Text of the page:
Imagine for a moment your own life without technology – no smartphone, no voice recognition software, no laptop, no satellite navigation system, no Siri responding to your every query, no podcasts to allow you to catch up on the latest news as you drive home, no asking the Google gods for an answer to a question as soon as it pops into your head, no social media to distract you from the tasks you are really supposed to be doing.
Over the past decade, our love of technology has exploded exponentially to the point where it is challenging to spend even a portion of your day out of sight (or reach) of some form of technology device.
A recent study by the University of Western Australia has suggested the existing guidelines for screen time use amongst children may need a redesign, given we know that despite Australian Health Department guidelines recommending children over two years spend fewer than two hours looking at screens daily, 45 per cent of eight-year-olds were already exceeding the limit, and the proportion climbed to 80 per cent for children aged between 15 and 16.
We know that excessive screen time is not desirable for children and young people and yet somehow the use of screens seems to be ever on the rise, rather than decreasing. Adolescents in particular spend large amounts of their day engaged with screen-based activities and often continue this when they come home at night.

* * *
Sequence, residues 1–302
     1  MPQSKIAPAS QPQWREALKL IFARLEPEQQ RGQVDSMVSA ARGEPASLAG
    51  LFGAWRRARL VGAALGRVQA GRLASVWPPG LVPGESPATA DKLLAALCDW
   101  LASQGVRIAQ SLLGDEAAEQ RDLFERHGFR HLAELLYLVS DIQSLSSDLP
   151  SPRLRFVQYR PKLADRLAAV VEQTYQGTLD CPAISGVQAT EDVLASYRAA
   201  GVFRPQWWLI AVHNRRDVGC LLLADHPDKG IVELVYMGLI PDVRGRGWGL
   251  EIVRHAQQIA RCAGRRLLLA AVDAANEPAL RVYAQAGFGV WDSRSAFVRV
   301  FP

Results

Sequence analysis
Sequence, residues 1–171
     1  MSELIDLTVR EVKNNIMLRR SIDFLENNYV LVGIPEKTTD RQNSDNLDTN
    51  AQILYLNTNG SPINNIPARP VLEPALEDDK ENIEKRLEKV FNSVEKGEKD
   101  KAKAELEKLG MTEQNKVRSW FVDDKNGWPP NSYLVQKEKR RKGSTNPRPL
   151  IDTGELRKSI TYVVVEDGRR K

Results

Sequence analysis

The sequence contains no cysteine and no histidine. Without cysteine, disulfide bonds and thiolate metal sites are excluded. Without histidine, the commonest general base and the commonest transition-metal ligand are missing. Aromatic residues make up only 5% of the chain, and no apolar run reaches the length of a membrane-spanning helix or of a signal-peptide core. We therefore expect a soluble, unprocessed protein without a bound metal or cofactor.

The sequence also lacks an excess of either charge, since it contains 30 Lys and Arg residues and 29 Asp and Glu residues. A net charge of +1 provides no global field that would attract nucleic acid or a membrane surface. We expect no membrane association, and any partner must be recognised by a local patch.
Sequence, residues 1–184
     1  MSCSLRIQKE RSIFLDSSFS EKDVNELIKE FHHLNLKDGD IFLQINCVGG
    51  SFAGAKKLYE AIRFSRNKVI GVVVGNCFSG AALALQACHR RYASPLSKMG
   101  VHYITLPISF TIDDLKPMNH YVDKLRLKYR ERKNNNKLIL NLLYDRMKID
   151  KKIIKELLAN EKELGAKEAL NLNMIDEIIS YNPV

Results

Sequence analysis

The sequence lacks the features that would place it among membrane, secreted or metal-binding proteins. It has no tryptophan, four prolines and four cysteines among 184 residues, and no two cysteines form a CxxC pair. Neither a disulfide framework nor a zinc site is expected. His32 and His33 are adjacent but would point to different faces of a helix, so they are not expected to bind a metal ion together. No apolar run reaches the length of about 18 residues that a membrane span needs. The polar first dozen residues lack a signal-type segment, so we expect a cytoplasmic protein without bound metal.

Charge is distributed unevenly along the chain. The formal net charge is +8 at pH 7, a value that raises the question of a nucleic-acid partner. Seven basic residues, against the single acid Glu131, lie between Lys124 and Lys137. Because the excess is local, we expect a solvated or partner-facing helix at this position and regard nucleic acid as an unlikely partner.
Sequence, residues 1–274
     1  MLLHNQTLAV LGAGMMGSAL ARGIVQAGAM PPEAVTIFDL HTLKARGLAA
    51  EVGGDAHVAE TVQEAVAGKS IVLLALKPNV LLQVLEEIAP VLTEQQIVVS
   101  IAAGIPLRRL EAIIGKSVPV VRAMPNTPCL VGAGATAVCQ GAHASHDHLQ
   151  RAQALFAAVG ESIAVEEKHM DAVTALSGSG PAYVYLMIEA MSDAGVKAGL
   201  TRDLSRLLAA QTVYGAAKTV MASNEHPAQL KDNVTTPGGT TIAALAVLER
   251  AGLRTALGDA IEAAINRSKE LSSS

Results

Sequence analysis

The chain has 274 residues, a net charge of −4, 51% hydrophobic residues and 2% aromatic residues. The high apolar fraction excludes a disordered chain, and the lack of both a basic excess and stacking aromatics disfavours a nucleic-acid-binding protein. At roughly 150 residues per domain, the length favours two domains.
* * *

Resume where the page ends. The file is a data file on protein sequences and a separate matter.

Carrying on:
There is an increasing body of research available on the phenomenon known as internet addiction disorder (IAD) and its potential impact upon young people. To date, however, the condition seems to be doing little to slow the use of technology amongst young people in their school and social lives. So what is internet addiction? Is it a recognised condition or simply a pop psychology term developed to boost clicks on web pages using the term?
In fact, internet addiction does seem to be rapidly making its way into the reputable information channels and is becoming the subject of serious academic research. Both China and South Korea consider it to be a significant public health threat and studies in the US and Europe have uncovered large numbers of people who have difficulty moderating their use of the internet.
The Better Health Channel provides this definition of the condition: “Internet addiction is an umbrella term that refers to the compulsive need to spend a great deal of time on the internet, to the point where relationships, work and health are allowed to suffer”.
The jury seems to be still out on exactly how internet addiction works and why it seems to affect some people and not others. There is also at present little that is known about the most effective way of treating it and whether traditional approaches such as cognitive behavioural therapy are useful in helping people to use the internet in a non-problematic way. There is some research to date which seems to suggest that people with internet addiction may experience changes in their brain and how it operates.
People who have significant difficulties with their internet use behaviour tend to be preoccupied with the internet, spend increasing amounts of time online, may lie about their use and can become moody, irritable or depressed if they attempt to reduce their usage.